Our IDs were aptly checked at arrival (a bruised ego for the sensitive surely outweighs the $500 fine for a first-time server offense; $3,000 for a third), we were provided with a measured, ¼-ounce complimentary sample of a liquor that stirred our curiosities (not an uncouthly passed free drink, rather an appropriate opportunity for a bar to increase sales), and, upon completion of our stay, our tab was properly itemized and accurately tabled in the middle of our party.
Furthermore, all tables in our immediate area readily appeared to be given the same treatment: no favoritism, cronyism, or inversely — avoidance of service responsibility. There’s no shortage of establishments in this town where familiarity breeds the proverbial contempt for the outsider, where a free drink for one is obviously and uncouthly billed for another, where regulars enjoy the fruits of service while interlopers sit before an empty glass and crane necks for their server. Not the case in our experience or for those seated about us, who appeared to be properly served and billed in a most timely fashion. Sarah elevated our “night out” into an “evening out.” There is a difference. Upon arrival, look for the lass in the fishnets, and promptly sit in her section.
At 10:56pm, after our party had long grown to three, we addressed our tab, rose from our white leather, and descended back toward the lobby. En route, it was remarked with the earnestness of pals that we would indeed return to this attractive place, albeit with a lady friend — a fairer companion than a group of unshaven men.
Readers: Is there an establishment that you think warrants a visit? We readily welcome your insights. Please contact us at email@example.com and subject line “Cocktail P.I.”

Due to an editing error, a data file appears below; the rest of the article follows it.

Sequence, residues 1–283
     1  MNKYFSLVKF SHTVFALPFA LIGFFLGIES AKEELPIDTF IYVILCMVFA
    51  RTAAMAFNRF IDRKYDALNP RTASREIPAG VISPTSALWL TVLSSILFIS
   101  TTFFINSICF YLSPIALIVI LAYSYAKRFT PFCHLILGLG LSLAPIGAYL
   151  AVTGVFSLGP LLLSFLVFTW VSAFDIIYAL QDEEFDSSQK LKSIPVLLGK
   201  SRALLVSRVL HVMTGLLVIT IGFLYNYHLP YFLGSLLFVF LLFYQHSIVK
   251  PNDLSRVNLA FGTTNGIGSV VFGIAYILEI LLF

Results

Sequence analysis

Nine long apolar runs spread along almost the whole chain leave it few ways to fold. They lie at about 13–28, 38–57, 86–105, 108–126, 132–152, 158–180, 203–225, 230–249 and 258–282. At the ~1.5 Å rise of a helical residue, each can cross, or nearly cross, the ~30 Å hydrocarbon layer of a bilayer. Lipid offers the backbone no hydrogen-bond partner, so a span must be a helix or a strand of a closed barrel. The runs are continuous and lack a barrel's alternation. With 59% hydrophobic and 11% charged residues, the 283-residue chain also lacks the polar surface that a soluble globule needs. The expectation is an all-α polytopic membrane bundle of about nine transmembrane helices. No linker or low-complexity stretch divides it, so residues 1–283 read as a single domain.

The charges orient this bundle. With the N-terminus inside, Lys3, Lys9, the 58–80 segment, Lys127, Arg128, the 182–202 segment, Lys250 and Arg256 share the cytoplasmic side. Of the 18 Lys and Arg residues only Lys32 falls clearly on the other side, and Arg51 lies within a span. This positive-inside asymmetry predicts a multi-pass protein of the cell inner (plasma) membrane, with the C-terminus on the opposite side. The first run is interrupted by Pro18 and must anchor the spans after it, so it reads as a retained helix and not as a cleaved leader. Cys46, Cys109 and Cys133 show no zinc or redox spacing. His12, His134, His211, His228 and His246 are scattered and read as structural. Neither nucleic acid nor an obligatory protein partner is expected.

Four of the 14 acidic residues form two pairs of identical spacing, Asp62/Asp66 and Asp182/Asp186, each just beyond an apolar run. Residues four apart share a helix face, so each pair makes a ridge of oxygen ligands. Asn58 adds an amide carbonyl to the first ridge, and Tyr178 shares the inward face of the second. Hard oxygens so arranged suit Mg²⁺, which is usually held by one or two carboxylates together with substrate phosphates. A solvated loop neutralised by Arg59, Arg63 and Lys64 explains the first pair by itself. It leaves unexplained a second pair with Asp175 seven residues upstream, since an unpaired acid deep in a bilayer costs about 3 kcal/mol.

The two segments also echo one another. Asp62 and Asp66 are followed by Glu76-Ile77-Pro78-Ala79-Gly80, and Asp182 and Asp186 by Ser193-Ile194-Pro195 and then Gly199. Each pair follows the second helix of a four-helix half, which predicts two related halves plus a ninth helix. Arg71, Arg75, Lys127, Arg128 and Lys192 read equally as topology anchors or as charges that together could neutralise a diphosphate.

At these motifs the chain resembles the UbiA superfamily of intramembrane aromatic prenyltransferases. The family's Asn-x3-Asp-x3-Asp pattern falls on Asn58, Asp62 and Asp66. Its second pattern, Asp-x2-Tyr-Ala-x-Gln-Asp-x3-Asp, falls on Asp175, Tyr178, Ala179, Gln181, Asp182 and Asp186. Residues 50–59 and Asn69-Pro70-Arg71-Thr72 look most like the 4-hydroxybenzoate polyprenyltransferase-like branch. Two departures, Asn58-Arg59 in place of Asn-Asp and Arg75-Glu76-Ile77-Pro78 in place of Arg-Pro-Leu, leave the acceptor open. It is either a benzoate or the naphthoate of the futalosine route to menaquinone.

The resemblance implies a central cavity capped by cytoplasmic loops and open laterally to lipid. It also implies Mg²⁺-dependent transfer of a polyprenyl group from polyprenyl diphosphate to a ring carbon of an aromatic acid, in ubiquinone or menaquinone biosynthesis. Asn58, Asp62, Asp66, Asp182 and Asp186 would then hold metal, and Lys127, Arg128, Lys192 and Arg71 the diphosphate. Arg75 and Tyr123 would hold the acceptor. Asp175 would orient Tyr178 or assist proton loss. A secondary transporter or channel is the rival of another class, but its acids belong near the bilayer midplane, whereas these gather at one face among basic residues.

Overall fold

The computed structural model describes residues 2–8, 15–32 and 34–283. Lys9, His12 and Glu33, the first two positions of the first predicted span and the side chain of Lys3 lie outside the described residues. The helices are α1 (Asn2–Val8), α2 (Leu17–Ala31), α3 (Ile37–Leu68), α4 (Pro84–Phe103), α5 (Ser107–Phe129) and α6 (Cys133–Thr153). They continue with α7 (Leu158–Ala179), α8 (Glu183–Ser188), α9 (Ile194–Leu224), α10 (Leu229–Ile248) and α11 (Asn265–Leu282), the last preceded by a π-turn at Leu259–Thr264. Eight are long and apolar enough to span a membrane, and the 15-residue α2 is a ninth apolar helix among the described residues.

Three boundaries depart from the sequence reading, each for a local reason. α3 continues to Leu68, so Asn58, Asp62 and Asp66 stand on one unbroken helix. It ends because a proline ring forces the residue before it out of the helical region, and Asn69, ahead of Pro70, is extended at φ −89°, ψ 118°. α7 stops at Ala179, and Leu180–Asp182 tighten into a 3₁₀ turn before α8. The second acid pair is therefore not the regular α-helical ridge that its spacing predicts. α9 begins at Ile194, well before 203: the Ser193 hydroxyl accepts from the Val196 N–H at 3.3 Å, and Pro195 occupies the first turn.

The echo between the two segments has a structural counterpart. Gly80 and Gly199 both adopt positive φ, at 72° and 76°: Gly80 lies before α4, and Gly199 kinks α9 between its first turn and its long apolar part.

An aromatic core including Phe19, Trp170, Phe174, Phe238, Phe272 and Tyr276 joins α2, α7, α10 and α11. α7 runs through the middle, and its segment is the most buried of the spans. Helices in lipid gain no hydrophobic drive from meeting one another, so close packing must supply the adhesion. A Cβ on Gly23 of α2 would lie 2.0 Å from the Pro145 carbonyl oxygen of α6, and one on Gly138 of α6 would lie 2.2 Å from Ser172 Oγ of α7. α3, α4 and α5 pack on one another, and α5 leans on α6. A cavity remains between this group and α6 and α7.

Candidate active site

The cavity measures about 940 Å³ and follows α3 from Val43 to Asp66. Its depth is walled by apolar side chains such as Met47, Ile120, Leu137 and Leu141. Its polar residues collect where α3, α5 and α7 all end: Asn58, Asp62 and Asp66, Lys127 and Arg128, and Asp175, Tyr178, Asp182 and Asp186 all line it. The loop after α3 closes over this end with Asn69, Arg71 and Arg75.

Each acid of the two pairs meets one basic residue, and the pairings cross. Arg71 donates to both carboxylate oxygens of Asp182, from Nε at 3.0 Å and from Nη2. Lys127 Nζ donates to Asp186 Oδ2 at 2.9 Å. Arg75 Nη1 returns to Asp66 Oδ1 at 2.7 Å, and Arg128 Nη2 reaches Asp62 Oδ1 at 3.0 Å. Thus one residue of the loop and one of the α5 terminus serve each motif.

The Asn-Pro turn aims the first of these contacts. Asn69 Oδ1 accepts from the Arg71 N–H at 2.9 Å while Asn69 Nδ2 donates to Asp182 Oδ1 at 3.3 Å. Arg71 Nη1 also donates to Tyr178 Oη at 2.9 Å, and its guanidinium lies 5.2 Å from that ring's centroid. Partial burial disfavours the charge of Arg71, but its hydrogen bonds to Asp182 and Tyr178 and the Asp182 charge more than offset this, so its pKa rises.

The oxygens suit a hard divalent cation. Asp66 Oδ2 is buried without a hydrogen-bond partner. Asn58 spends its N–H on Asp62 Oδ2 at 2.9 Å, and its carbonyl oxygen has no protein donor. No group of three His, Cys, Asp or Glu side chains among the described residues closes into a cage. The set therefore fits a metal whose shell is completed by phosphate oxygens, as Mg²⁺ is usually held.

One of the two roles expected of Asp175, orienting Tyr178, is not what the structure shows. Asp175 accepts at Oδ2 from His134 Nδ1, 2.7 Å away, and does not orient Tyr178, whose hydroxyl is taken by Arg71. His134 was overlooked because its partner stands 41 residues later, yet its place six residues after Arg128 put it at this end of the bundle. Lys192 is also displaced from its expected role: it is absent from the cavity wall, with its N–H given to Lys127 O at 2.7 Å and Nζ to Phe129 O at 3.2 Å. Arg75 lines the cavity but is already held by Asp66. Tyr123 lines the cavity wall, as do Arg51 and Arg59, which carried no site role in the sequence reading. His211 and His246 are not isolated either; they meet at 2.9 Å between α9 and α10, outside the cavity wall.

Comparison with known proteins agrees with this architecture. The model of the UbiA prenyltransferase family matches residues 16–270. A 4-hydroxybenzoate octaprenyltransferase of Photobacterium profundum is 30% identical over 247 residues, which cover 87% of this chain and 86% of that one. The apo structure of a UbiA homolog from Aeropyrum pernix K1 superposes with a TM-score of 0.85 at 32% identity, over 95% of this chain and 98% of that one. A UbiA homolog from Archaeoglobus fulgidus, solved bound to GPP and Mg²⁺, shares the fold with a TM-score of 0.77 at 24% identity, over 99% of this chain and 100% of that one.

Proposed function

I wasn’t sure if it was a matter of tongue in cheek, or writing to suit the location. While the prose was well disposed to match the time and tempo of the Prohibition Bar I think the author needs to decide if his purpose is to provide a useful review or convey his thinly repressed desire to be a published author.
I for one appreciate good writing with a local slant. I believe the author wasn’t conveying a repressed desire as he is already published.
Russ is just trying to balance all the glad-handing sure to follow from the Friends of Judd Spicer Assn.
My take: Prohibition is a godawfully confused mess of an establishment and has a greater spread between potential and reality than perhaps any bar I’ve ever visited, period. They should be guarding the door, charging cover and working on an upscale beverage program to keep out the hicks from the sticks. Instead, It’s like Maple Grove south in there on any weekend night.
Also, WTF with the tacky pink & purple decor and the even tackier cocktail uniforms? It’s like Legally Blonde meets Lady Gaga. Unless I go on an off-peak night, I can’t tell whether I’m on top of the Foshay or at a 2-star off-the-strip hotel lobby bar in Vegas. I blame Manny’s as much as I blame W.
They were forced too far out of their collective comfort zone.
Not lipstick on a pig…but rather hot pink lipstick and fishnets on your elegant, timeless, and sweet-but-worldly grandmother.
It should be noted that this spot is popular for the Manny’s crowd, either before or after their dinner. The clientele demographics mirror the steakhouse nicely. I was very out of place when my girlfriend and I tried to check it out.
Nice article. Happy hour is the best time to go there to be sure. Good people watching too.
Russ is spot on. That’s not the polish of a sophisticated style, David. That’s the glistening of lard. If you think this is good writing, then you haven’t a clue what good writing is.
In fact there is a literary term for writing like this, writing so conspicuously extravagant, flowery, and ornate as to break up the flow and draw attention to itself. That term is “purple prose”. Published or not, I’d say the writer would do well to remove the purple lenses and discover a voice that is less affected and pretentious and more his own.
Hello Editors! Would you please tell your writers to pull out a dictionary and check whether a word they’ve picked is really used as they imagine? From the Prohibition article, twenty jarring examples show how you can make a difference:
ASCENDING the Minneapolis skyline: Inside a structure, a person can ascend the staircase or perhaps the height of the building. Some acid users were convinced they could ascend a skyline, but it’s really better left to a news channel’s helicopter or perhaps Santa’s sleigh.